And here’s the thing. Once you have one, and learn to use it, you won’t know how you ever did without.
This August, Joann’s Fabrics is celebrating its 75th Anniversary by giving a gift to all of us who love fabric, crafts, paint, DIY, etc.
They are getting a makeover, and all I can say is: It’s about time.
I do like to go to my local Joann’s, but I can’t tell you how many times I’ve wanted to throw things on the floor at the checkout line (or the fabric line) and walk away. Either they don’t have enough help, or the help doesn’t care, or the place is just a mess or all of the above.
And yet, if I need plastic snaps, or a white button, or home decor fabric, or any number of sewing notions and I need it NOW, it’s the place we go.
They are starting with a name change…from Joann’s Fabrics to just Joann’s. Because they want folks to remember they are so much more than just fabric. (Honestly, I think that’s just their marketing department catching up to real life, because who of us already didn’t know that’s where to go for storage or plastic flowers or beads or…whatever.)
But the most exciting aspect is that they will be updating their 800 stores this fall and into next year. They already have a prototype store that’s been updated in Columbus OH.
Who’s up for a road trip to Columbus?
New features in Joann’s stores:
A cutting bar: You’ll be able to check in, and get a text when your fabric is cut. In the meantime, you can wander around the store. Anyone who’s ever stood in line while folks dawdle and chitchat or worse, know this can be a frustrating and time-consuming wait.
Creator’s Studio: I love this idea. You can rent a sewing machine, grab a cup of coffee, a cookie, or attend an event or class. The studio is positioned in the middle of the store, not shoved away in a corner. It’s meant to revolve around community…possibly a place for bees to meet? I don’t know how this will work but am anxious to see it in action.
A Custom Shop: Tailoring, custom design? Sounds like they are working toward a specialization that very few other places have. (With good reason.) I’m guessing this would be a place for alterations and some custom services, possibly home dec.
Expanded merchandising: They are planning on carrying more sewing machines from different manufacturers, for every budget. Obviously, this gets complicated because sewing machines need service, but we’ll see where this goes.
All of this is great news for anyone who loves crafts of any kind. And we already know that all crafts overlap. Sewists are often also knitters or scrapbookers or bakers (or gardeners…hey, Joann’s don’t forget about that!) We need a place to go that’s inspiring and caters to customers’ needs.
Of course, we still love our independent quilt shops, and they will ALWAYS be our first choice for quilt fabric. But in a world where so many shops are disappearing because of online competition, it’s good to know that someone is investing in us.
And in our $3.7 billion in discretionary spending.
$3.7 billion in total estimated quilting industry spending for 2017. (Holding steady from 2014, which was at $3.76 billion.)
$442 is the amount the average quilting household spent in 2017. (Up by 48% from 2014.)
The survey found two main groups of quilters: Dedicated Quilters and Under 45 Quilters.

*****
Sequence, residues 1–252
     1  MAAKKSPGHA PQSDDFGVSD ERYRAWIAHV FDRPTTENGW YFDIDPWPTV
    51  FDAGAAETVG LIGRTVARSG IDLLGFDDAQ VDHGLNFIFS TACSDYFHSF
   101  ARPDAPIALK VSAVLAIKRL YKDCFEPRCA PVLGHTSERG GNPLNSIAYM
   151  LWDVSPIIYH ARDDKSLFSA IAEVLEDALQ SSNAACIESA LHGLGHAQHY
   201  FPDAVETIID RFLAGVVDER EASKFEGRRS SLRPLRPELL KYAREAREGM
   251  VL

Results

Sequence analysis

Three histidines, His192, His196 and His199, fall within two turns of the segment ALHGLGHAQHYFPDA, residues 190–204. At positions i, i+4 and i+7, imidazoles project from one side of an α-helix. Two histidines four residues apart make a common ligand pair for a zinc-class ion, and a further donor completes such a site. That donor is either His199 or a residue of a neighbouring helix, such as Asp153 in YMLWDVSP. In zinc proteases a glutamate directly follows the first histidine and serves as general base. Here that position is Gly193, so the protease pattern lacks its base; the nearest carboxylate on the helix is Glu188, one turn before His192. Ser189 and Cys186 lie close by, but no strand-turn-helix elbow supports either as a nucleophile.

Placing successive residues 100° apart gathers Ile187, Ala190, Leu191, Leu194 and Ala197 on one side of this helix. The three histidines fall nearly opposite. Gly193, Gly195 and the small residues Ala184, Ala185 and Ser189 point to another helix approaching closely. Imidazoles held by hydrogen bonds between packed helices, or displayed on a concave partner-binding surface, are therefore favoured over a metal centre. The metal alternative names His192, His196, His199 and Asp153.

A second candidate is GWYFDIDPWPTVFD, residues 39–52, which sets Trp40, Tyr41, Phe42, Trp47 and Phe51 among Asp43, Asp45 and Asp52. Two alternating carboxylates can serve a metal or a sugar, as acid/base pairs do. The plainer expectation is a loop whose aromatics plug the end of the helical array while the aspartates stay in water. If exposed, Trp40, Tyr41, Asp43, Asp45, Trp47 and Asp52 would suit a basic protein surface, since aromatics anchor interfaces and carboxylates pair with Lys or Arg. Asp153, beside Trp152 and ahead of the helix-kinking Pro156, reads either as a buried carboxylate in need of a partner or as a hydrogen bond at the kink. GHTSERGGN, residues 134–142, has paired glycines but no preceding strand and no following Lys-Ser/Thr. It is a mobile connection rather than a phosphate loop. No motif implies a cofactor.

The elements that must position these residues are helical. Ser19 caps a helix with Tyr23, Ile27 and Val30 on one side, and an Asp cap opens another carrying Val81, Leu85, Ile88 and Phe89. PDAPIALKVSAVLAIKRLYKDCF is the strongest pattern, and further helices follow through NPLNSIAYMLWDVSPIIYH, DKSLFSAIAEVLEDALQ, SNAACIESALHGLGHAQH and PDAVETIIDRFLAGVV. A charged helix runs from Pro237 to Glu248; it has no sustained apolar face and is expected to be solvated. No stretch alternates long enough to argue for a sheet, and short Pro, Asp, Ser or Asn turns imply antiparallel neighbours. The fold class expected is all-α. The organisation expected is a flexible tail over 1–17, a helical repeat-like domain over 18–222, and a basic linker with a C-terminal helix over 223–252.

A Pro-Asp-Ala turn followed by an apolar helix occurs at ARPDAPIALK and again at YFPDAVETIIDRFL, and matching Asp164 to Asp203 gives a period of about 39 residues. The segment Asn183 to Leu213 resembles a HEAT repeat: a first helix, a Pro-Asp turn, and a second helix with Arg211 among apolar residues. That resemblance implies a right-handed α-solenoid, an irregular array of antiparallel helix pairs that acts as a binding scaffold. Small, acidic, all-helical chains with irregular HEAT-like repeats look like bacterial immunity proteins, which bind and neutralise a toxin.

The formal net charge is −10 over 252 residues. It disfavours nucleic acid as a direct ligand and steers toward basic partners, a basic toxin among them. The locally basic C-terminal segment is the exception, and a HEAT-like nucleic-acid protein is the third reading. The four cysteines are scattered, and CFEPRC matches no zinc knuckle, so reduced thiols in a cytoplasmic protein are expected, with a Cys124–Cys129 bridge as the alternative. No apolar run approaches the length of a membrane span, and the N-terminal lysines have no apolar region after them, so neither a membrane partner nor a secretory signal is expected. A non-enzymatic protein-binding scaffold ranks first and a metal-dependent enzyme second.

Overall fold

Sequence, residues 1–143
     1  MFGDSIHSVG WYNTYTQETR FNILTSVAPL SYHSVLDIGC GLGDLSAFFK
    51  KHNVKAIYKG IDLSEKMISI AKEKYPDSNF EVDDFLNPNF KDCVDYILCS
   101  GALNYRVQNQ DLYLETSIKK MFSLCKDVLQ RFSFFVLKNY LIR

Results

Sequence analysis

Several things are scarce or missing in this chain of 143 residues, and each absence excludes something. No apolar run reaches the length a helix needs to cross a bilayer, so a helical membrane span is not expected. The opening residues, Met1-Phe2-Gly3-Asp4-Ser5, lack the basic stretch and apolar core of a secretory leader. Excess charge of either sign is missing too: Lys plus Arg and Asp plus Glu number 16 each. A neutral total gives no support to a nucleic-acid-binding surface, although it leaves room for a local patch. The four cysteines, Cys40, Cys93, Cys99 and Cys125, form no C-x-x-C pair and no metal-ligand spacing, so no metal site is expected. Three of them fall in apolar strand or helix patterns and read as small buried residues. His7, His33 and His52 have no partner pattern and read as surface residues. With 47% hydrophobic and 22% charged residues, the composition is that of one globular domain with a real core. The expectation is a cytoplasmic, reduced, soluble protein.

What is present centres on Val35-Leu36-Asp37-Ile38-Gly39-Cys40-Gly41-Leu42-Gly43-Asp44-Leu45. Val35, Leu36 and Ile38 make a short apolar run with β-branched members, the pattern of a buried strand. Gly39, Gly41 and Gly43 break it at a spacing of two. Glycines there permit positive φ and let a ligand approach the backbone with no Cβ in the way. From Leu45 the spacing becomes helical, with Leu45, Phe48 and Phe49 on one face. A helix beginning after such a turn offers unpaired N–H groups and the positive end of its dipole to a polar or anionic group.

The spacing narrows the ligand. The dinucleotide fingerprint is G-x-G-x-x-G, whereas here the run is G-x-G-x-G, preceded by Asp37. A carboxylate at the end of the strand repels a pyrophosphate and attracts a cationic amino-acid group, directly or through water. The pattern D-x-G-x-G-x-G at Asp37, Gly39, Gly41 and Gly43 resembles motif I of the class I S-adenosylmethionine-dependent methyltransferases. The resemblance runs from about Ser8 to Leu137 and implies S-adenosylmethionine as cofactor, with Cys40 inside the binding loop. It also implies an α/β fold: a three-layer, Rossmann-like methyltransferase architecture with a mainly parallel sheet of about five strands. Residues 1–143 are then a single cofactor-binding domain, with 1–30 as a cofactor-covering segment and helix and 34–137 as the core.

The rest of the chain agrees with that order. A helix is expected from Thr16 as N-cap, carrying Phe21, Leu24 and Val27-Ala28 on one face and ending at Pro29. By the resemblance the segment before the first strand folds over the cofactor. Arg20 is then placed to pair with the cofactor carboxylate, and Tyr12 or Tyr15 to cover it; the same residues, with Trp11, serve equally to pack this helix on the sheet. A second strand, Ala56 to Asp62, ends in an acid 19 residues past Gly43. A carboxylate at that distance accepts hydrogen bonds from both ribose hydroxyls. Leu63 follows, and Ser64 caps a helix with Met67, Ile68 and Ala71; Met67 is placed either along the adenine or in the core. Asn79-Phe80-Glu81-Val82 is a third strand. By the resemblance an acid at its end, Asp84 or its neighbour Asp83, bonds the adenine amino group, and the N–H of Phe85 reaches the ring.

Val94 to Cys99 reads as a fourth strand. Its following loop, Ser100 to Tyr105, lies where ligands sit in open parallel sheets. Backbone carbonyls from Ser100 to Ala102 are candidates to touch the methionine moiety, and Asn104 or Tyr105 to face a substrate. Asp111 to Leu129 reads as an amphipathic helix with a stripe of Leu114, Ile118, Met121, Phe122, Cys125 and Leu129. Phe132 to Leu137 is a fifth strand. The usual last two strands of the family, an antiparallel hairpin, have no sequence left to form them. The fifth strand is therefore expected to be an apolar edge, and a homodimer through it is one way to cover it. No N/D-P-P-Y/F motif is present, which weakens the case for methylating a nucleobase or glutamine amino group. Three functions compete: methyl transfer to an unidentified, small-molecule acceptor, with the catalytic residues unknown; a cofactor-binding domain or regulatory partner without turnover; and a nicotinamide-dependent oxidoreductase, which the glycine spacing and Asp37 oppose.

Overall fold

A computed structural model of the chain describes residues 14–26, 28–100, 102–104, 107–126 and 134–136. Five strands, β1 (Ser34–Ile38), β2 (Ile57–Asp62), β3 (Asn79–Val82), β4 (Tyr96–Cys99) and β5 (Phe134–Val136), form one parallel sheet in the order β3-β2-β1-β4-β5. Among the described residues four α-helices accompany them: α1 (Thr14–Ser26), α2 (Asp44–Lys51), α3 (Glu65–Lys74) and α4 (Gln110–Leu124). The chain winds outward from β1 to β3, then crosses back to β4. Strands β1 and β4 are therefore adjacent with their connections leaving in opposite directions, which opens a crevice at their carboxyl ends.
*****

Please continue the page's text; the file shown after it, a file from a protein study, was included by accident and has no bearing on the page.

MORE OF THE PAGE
Average 63 years old
Well educated (70% went to college).
Affluent ($95,900 household income).
Spends average $3,363 per year on quilting.
85% prefer traditional style, 37% modern quilting, 20% art quilting.
Account for 72.2% of total industry expenditures.
Purchased an average of 99 yards of fabric the last year (Well, this made me laugh. How many quilts can you make out of 99 yards of fabric? Quite a few. Hence, the reason we all have a wonderful stash!!)
Under 45 Quilter:
Affluent ($98,000 household income)
Prefer modern quilting
Websites (75%) and online video (63%) play a stronger role for education and inspiration than total sample
Blogs are important to this group
Even though they are employed, they still devote 10+ hours a week to their craft
Some things to consider:
97% of Dedicated Quilters are purchasing fabric in person at a retail location. But 66% also purchase online.
83% of all quilters will purchase 100% cotton thread (hello Aurifil) in the next 12 months.
54% purchase batting in queen size
In the last year 26% purchased a new sewing machine. Average price $2212.
50% of Dedicated Quilters use social media, like Facebook. (Up from 14% in 2014.)
But what’s happening in the garment industry?
If you are a garment sewist, you have seen some major changes lately as well. Many quilt fabric distributors are now also featuring rayon and denim in their current lines, and often include garment patterns as part of their collections.
CSS Industries, Inc. now owns: Simplicity, McCalls, Butterick and Vogue. That’s a LOT of consolidation. Why? Because new indie designers and pattern makers are basically taking over the industry, and leaving the old brand names in the dust. Those “Under 45-ers” listed above want to sew their own clothes. They want it in their own patterns and in their own sizes.
But the old guard garment industry didn’t realize that patterns as currently packaged are incoherent to someone learning on their own. In the old days, of course, your mom or grandma taught you to sew clothes. That doesn’t happen any more and younger sewists need help. Along came sites likecolettepatterns.com. (Patterns that teach, in current trendy designs.)
Furthermore, distribution channels are basically gone for garment fabrics. JoAnn’s, Walmart, Hobby Lobby? Please. If you’re making a Halloween costume, sure. But something you want to wear and spend some time and effort making by hand? Not a chance.
So where does this leave the state of the sewing industry?
In a creative and strong place. With the Nextgen sewists/quilters already on the rise, and technology and social media filling the gaps in learning curves (not to mention our physical curves like cashmerette.com), the industry is poised for change and growth. We seem to be insatiable in our desire to create and to learn and to connect. Social media makes all this possible in fresh ways.
Yet we are still addicted to the feel and touch of fabric, making me believe that we currently have a brick and mortar “hole” to fill. Who will transform the retail and customer experience for us? Who will bring the online and offline advantages together? Consider it a challenge.